After a week of brutal but good training at Vail, we moved venues to start downhill training at Copper Mountain. Copper is the new official speed training site of the U.S. Ski Team – millions were put into the hill to cut a new downhill trail and install snowmaking. Copper is the only full-length downhill track available in the world this early in the season. Other national teams have already started to flock to Colorado to see if they can get their athletes on our track.

Editor’s note: Aspen native and U.S. Ski Team member Wiley Maple will be providing The Aspen Times with semi-weekly updates on his experiences competing on the World Cup circuit this winter. Here is his first column.

Wiley Maple

Special to The Aspen Times

This is the first of many writings as you follow me worldwide through my experiences as a World Cup downhiller. I would just like to quickly thank everyone who came out to the little fundraiser I had at the Wheeler on Nov. 4. It ended up being a huge fundraiser for me, so thank you.

Winter is finally here in North America, and if you’re anything like me it’s been a long summer of patiently waiting for the snow to fall again up in the Rockies. The mountain biking and hiking in summer is always fun, but there isn’t anything quite like the freedom of skiing. After an entire summer training for the snow it’s good to finally be on it again.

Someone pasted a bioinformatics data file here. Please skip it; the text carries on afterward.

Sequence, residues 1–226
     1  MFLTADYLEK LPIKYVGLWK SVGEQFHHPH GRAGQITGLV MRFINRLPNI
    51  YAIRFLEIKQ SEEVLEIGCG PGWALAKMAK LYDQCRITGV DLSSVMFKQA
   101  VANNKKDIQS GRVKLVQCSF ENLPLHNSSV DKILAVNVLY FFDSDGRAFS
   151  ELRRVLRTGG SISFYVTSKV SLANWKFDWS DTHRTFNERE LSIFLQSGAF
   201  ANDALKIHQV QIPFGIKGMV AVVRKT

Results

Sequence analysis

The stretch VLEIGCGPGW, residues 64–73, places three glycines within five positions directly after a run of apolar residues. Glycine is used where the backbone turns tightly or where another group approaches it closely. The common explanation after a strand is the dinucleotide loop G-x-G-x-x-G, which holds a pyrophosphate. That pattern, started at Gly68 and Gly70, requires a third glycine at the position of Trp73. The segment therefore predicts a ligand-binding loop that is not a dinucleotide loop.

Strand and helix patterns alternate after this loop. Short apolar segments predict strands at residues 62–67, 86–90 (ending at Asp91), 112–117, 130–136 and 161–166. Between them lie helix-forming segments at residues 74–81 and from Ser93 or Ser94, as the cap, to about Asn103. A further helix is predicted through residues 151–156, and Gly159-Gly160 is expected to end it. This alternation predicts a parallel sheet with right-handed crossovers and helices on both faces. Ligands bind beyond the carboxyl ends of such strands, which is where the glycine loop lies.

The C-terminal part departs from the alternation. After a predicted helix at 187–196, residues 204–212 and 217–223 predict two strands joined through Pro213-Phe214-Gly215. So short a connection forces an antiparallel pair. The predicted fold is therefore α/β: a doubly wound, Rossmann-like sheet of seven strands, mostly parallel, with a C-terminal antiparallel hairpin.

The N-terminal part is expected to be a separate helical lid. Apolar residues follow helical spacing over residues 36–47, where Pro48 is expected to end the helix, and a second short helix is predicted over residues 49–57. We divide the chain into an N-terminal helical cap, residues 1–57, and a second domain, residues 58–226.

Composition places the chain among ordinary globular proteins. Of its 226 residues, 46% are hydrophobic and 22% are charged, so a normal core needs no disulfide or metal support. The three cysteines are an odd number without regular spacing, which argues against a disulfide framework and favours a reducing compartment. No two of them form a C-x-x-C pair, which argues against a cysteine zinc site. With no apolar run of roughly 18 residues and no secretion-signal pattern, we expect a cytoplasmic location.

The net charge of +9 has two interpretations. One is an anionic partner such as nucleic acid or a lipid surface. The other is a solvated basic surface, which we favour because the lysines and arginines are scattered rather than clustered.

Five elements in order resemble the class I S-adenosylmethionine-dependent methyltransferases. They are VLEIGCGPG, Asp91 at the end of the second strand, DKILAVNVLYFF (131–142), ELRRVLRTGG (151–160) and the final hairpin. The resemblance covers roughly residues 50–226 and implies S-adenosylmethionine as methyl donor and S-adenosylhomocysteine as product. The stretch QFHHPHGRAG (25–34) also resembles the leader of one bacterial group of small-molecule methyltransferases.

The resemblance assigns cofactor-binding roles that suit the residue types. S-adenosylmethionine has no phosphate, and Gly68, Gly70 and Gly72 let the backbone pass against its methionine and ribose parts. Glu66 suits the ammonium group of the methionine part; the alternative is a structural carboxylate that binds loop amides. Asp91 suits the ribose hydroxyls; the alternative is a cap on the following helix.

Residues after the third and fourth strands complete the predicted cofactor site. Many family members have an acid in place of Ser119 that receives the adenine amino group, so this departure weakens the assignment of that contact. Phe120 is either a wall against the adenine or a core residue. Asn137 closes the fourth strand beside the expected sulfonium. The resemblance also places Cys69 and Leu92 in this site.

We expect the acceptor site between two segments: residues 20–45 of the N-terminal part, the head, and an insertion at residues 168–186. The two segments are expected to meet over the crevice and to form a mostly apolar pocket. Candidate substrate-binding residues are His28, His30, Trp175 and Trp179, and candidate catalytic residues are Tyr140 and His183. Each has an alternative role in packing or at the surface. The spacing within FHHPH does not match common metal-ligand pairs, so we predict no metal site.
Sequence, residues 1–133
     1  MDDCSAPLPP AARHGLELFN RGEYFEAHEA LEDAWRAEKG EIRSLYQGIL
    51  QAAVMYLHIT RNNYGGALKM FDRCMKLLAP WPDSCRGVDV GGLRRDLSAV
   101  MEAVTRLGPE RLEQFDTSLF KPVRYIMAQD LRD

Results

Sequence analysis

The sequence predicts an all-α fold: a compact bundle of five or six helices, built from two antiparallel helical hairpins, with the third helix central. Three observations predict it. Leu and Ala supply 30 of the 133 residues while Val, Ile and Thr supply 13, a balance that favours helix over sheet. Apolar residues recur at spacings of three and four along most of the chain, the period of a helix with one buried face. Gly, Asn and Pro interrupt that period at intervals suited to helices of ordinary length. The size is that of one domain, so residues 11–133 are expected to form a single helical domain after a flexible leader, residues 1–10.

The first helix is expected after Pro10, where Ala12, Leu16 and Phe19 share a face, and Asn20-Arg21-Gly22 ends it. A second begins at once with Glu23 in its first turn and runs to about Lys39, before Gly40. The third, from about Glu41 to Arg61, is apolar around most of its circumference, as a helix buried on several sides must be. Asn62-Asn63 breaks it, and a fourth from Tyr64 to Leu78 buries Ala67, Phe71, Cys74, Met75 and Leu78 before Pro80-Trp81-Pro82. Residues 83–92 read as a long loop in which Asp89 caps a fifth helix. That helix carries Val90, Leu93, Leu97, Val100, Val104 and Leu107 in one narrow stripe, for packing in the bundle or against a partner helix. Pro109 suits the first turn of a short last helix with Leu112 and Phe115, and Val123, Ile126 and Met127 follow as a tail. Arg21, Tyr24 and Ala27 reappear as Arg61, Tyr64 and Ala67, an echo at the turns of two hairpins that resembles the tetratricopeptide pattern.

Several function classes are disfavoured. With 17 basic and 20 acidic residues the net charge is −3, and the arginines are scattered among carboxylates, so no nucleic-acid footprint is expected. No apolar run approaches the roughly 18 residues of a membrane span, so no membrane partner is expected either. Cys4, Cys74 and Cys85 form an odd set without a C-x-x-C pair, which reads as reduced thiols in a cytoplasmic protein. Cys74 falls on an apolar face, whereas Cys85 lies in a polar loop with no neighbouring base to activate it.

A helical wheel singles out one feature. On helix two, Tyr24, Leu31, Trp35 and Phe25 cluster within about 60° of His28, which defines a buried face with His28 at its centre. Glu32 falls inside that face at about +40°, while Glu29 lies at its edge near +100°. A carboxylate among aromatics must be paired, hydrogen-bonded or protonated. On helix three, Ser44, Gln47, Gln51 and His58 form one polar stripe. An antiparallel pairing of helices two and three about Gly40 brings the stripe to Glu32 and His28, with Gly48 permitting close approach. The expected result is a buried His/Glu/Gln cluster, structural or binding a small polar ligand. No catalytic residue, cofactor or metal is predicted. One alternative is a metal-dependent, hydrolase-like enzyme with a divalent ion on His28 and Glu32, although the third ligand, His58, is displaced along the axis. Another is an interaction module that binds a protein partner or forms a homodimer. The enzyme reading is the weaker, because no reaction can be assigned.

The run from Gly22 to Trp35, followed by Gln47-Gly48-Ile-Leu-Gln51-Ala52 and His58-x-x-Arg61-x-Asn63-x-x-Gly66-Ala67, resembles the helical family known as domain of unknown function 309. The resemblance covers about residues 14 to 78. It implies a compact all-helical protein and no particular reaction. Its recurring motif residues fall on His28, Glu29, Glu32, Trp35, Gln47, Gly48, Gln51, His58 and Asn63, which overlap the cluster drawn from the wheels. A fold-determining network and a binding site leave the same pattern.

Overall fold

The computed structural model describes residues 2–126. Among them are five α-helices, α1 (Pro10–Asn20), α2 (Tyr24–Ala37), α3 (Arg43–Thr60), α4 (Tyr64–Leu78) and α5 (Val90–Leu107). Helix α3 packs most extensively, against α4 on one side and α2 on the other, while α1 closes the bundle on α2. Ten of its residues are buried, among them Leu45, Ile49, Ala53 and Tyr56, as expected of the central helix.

Following my event at the Wheeler, I had to quickly pack the van and hit the road to Vial – sorry, Vail – for some early morning training the next day. There’s nothing quite like waking up to the fresh smell of diesel in the morning and a beautiful view of the highway. I must say it is without a doubt the nicest truck stop I have seen. But all rivalries aside, the early season race training that Vail has set up for us is unrivaled. The hill has been injected with water, creating conditions more frequently seen in an ice rink, but which are ideal training conditions for ski racers.

We spent a week at Vail training double sessions of super G and giant slalom starting at 6:30 every morning. Laps on the injected snow start taking a toll on the body and mind – after about two runs everything starts to hurt. The amount of energy and concentration it takes to make it down the course is phenomenal, and after half a day of training conditions like this make walking up the stairs quite a chore.

After a week of brutal but good training at Vail, we moved venues to start downhill training at Copper Mountain. Copper is the new official speed training site of the U.S. Ski Team – millions were put into the hill to cut a new downhill trail and install snowmaking. Copper is the only full-length downhill track available in the world this early in the season. Other national teams have already started to flock to Colorado to see if they can get their athletes on our track.